Time Warner Books
Hardcover, 545 pages
Reviewed by Sandra
I had never heard of William Marshal until I recently read a historical novel based on the life of one of his family members. That novel prompted me to search at my local library where I was pleased to find the above-mentioned book based on the life of William Marshal.
The story opens with William as a young 20-year-old, impoverished knight. His prospects in life seem slim, but when he saves the life of Queen Eleanor of Aquitaine, the wife of the King, he is rewarded with the tutelage of Prince Henry, heir to the throne of England. The perks that go with it include horses, gold, arms, and rich garments. William becomes part of the inner circle of the royal family. Ugly rumours circulate about William and the wife of Prince Henry. They emanate from envious troublemakers who seek William’s downfall. The likely reason for his fall from grace was his charm and ability in the great tourney championships of the day. These champions were in demand and sponsors would pay huge amounts of money to have them on their “team”, much like modern-day sports stars. Whatever the reason, William is banished from court and seeks redemption in pilgrimages to the Holy Land. His fame and expertise with the sword become widely know as he climbs toward becoming the pre-eminent knight of the time.
He eventually returns to England after some years and is offered a rich heiress in marriage, as a reward for his loyalty. William, then 38, accepts and becomes fabulously wealthy when 18-year-old Isabelle de Clare becomes his wife. They fall deeply in love after the marriage and begin their family life. Peace and tranquility elude them, however, as deadly political intrigue and betrayals surround them. Both the King and the heir to the throne die and Richard the Lionheart becomes King of England amidst enemies. When he leaves on crusade – he prefers fighting to ruling England - John, his brother, attempts to seize the throne. William Marshall, powerful, respected knight stands in his way. Marshal’s loyalty is to the reigning King and accepts no substitutes or usurpers. Loyalty, integrity, and chivalry are inseparably linked in his nature. In short, he is an honourable man. Marshal defends King Richard’s throne and is rewarded by him. As the book ends William, Isabelle, and their 3 children are sailing to Normandy along with King Richard and the court, with William looking forward to a long, happy, peaceful life. Circumstances will dictate otherwise.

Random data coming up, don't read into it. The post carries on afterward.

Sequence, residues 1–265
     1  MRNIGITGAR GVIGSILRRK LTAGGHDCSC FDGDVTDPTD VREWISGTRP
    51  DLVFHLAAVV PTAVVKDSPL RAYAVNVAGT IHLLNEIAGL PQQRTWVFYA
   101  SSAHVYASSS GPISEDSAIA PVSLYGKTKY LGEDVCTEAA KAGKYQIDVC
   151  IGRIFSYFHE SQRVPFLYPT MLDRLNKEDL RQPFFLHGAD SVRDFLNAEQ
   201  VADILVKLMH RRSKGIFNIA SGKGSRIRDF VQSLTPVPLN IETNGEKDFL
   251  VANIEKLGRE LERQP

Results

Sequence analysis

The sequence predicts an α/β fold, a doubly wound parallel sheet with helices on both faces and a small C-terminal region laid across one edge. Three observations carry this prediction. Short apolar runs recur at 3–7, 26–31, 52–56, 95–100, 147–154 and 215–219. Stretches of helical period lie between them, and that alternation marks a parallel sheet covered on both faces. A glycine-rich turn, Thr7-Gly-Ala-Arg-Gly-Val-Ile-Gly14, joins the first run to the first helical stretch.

Chadwick deftly describes manners, customs and clothes of 12th century England as she writes of hauberks, braies, wimples, reused bathwater (ugh), scented rushes on the floors , flagons of wine, spinning galleries, trenchers, and the inevitable embroidery.
This is the second historical novel penned by Elizabeth Chadwick that I have read and enjoyed immensely. Now I’m on the hunt for the sequel to this book entitled The Scarlet Lion and more gems about the life and times of the greatest knight, William Marshal.
Disclosure:I borrowed this book from my local library and I was not compensated in any way, nor told how to rate or review this product.